Title:
Pressurized personal hydration system and kit
Kind Code:
A1


Abstract:
The present invention relates generally to personal hydration systems. More specifically, the present invention relates to a pressurized personal hydration system and/or a kit for converting a pre-existing non-pressurized back or torso mounted hydration system into a pressurized hydration system.



Inventors:
Valeriana, Peter V. (Palm City, FL, US)
Application Number:
11/117107
Publication Date:
11/02/2006
Filing Date:
04/27/2005
Primary Class:
Other Classes:
220/703, 222/95, 224/148.5
International Classes:
A45F3/16; B67D7/84
View Patent Images:
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Primary Examiner:
NGO, LIEN M
Attorney, Agent or Firm:
MCHALE & SLAVIN, P.A. (PALM BEACH GARDENS, FL, US)
Claims:
What is claimed is:

1. A pressurized personal hydration system comprising: an enclosure made of flexible material, said enclosure including at least one opening for insertion of a first bladder and a second bladder, said second bladder positioned juxtaposed to said first bladder within said enclosure, wherein said first bladder is constructed and arranged to contain a supply of liquid, said first bladder including a liquid supply tube having a first end and a second end, said first end of said liquid supply tube fluidly coupled to said first bladder, said second end of said flow tube including a mouth operated valve constructed and arranged to be held in a person's mouth, said second bladder including a pressure supply tube, said pressure supply tube having a first end fluidly coupled to said second bladder, said pressure supply tube having a second end fluidly coupled to a hand-operable pumping bulb; whereby operation of said pumping bulb inflates said second bladder, pressurizing said supply of liquid in said first bladder, whereby selective operation of said mouth operated valve releases a portion of said pressurized supply of liquid for hydration of an operator.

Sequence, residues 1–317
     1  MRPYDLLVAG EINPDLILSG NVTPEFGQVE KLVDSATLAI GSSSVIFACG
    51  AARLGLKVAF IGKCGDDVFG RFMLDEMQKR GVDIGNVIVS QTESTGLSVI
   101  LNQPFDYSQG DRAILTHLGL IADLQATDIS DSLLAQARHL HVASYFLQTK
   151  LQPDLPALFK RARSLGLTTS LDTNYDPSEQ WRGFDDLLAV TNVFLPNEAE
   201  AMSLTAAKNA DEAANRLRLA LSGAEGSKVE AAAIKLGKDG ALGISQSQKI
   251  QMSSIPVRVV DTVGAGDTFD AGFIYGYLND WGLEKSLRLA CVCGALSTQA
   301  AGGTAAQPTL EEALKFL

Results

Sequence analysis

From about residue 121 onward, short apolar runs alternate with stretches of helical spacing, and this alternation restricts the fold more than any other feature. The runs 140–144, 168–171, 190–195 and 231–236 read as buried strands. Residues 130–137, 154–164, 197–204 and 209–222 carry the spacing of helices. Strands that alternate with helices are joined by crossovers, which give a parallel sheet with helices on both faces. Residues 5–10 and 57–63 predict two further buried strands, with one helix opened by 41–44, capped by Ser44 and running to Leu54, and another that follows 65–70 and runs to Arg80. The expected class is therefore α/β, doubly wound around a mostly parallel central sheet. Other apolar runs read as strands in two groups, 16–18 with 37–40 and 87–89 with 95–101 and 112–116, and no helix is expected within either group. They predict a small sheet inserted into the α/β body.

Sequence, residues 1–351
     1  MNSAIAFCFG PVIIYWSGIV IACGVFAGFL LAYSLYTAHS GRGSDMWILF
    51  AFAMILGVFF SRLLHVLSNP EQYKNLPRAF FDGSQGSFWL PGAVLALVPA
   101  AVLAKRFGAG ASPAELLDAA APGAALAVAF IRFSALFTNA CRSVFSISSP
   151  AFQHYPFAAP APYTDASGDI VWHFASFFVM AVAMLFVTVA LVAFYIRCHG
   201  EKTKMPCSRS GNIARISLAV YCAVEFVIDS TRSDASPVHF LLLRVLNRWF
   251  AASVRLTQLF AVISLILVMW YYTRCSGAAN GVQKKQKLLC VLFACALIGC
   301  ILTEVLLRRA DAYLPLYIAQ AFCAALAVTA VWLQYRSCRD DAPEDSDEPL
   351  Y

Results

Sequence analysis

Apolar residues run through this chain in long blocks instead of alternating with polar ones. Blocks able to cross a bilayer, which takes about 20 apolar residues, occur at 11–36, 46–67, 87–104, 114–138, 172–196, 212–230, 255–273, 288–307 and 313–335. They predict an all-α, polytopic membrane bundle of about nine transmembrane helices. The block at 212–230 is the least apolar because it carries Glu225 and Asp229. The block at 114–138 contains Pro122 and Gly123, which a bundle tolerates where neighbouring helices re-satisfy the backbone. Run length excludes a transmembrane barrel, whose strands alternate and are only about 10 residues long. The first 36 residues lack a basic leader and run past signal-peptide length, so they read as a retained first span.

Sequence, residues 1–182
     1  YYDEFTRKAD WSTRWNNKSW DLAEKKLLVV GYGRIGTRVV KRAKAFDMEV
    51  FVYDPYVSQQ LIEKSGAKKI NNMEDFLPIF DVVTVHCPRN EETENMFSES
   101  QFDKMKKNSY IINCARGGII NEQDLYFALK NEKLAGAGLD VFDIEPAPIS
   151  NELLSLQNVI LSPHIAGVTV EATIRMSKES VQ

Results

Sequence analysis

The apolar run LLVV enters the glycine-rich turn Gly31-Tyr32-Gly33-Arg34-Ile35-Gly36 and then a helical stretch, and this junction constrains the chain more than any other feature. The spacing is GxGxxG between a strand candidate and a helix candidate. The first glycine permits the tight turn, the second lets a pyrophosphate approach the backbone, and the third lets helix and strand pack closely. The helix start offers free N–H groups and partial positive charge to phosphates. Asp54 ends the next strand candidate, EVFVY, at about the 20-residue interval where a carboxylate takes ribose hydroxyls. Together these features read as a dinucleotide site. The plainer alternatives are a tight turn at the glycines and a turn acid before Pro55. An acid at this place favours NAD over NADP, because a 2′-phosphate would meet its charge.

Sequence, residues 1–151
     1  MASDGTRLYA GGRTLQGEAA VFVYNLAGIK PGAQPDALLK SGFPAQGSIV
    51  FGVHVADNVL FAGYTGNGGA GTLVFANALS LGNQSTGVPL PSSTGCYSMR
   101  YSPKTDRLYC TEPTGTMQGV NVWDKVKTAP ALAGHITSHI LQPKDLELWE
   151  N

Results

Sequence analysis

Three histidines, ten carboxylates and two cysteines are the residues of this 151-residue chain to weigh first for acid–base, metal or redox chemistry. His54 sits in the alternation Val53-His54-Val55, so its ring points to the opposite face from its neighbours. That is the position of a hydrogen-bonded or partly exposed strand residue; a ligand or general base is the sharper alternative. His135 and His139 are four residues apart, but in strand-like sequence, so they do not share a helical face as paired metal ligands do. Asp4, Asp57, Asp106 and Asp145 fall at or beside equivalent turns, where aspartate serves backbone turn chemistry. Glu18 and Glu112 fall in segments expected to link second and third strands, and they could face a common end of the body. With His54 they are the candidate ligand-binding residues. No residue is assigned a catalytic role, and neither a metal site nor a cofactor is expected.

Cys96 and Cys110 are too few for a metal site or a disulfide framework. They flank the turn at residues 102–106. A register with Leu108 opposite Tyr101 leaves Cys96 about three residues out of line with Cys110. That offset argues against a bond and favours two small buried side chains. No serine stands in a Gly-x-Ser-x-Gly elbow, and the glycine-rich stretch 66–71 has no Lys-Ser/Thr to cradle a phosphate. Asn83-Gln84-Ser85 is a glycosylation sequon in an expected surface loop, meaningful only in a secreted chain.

2. The pressurized personal hydration system in accordance with claim 1 wherein said enclosure is constructed and arranged to attach to the back of a user.

3. The pressurized personal hydration system in accordance with claim 2 wherein said enclosure is a backpack.

4. The pressurized personal hydration system in accordance with claim 1 wherein said enclosure is constructed and arranged to attach to the torso of a user.